Kristi S. Anseth, an associate professor of chemical engineering at the University of Colorado at Boulder, has been named one of 18 faculty members nationwide to receive a prestigious 2000 Camille Dreyfus Teacher-Scholar Award.
Each $60,000 award is designed to support an outstanding young faculty member in the early stages of his or her academic career. "This award will assist these outstanding scientists to continue their high level of accomplishment in education and research, " according to the New York-based Camille and Henry Dreyfus Foundation.
The award brings the total amount the Foundation has awarded to the University of Colorado to $829,595, including $365,000 for the Teacher-Scholar Awards Program. One unique feature of each award is a $5,000 allocation to the winners department in this case chemical engineering --for undergraduate educational and research purposes.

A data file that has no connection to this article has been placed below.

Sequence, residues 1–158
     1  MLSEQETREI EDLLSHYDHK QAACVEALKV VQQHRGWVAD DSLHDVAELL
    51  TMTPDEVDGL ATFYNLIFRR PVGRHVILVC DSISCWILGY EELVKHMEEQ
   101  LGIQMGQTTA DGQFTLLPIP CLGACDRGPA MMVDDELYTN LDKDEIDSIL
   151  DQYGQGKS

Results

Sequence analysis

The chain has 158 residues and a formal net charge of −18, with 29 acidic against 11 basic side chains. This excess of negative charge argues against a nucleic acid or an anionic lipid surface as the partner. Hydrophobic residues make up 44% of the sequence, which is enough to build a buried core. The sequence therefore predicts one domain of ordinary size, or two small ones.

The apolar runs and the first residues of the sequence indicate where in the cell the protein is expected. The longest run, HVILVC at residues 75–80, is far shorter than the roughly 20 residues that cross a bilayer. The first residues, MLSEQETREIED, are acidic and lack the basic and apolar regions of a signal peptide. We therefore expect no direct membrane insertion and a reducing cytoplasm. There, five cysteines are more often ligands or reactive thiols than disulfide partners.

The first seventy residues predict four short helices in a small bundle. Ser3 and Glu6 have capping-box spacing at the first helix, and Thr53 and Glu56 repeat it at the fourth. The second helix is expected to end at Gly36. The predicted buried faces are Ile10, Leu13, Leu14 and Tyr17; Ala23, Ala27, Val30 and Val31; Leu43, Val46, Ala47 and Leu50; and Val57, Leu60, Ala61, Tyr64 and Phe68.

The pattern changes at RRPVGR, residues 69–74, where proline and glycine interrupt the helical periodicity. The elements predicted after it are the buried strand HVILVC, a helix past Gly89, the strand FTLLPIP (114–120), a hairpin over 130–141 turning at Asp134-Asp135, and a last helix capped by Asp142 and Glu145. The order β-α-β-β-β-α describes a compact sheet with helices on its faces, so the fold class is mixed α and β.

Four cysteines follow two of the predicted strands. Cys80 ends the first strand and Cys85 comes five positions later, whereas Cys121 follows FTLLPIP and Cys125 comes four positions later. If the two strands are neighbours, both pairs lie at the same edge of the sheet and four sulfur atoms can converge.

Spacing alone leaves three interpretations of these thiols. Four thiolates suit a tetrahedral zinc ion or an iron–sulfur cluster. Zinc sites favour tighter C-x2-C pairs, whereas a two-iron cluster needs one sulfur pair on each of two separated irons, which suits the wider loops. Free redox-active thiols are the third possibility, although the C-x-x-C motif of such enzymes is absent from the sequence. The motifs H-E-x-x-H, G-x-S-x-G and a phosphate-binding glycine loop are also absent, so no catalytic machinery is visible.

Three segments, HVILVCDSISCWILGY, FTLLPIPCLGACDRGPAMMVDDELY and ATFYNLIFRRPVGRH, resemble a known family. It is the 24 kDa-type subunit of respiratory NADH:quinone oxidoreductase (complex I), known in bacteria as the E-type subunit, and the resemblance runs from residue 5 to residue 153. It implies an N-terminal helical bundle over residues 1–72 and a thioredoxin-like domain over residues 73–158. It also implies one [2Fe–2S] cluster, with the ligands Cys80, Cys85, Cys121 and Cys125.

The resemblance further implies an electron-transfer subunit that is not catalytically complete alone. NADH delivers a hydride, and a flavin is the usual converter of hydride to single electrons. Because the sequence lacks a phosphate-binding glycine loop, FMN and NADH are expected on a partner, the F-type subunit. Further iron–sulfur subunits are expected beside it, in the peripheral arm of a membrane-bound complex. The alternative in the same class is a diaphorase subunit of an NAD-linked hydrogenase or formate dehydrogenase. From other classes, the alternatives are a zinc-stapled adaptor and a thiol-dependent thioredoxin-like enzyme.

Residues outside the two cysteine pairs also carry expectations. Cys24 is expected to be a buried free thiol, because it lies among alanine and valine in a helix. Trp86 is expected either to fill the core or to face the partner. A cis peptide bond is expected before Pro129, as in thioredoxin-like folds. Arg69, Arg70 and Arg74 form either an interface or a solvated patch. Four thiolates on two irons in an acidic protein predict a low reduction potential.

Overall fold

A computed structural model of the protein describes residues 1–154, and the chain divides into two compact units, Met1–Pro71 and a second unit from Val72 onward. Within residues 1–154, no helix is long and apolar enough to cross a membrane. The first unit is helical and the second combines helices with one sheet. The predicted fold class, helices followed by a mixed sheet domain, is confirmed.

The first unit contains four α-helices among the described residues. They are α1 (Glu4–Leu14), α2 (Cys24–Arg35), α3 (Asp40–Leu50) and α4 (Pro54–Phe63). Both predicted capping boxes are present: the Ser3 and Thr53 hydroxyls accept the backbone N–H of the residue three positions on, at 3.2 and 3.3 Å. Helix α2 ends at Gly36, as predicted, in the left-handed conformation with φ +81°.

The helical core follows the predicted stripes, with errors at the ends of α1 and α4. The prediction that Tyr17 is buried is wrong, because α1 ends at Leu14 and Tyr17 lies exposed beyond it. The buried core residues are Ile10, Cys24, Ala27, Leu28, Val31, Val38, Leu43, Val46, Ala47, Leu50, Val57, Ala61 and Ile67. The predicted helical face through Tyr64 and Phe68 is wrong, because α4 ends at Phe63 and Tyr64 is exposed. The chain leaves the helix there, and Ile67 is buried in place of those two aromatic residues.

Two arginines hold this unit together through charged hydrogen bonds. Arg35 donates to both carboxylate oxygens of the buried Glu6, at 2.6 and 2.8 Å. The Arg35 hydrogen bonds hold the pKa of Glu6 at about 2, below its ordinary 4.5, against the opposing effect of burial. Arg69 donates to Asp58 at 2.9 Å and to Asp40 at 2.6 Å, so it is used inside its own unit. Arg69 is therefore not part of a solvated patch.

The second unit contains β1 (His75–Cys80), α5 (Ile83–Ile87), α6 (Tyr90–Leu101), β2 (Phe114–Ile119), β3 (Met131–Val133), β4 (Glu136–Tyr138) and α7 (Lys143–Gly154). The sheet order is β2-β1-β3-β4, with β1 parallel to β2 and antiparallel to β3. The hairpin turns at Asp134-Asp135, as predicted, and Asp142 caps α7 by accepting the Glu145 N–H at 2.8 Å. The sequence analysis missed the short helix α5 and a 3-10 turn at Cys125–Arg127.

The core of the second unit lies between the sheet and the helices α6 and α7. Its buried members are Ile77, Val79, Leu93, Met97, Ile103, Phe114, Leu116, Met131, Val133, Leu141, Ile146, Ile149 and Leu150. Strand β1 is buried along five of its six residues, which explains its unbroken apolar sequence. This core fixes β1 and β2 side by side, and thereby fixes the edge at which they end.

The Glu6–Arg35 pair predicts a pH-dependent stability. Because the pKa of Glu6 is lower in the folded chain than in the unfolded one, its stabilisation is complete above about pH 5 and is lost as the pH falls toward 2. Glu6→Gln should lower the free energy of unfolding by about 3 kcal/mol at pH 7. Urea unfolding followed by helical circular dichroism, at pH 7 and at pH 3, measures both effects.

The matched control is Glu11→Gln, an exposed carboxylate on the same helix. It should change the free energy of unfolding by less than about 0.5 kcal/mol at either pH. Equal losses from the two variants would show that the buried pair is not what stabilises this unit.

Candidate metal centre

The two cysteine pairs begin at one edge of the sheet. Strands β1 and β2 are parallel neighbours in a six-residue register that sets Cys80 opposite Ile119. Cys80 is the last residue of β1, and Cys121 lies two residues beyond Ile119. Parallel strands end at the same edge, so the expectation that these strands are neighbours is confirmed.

She and her research team have developed new techniques and materials that show promise for faster healing of severe bone fractures and regeneration of cartilage in ailing joints through the use of ultraviolet light. Although similar processes have been used in other technical fields such as fiber optics, this is the first application of the technique for use in the field of orthopedics.
Anseth, who recently was named a Howard Hughes Medical Investigator, has won a number of prestigious awards in the past several years as a result of her groundbreaking research. They include a David and Lucille Packard Fellowship for $500,000 over five years, a National Institutes of Health FIRST Award for $500,000 over five years and a $210,000 Career Award from the National Science Foundation.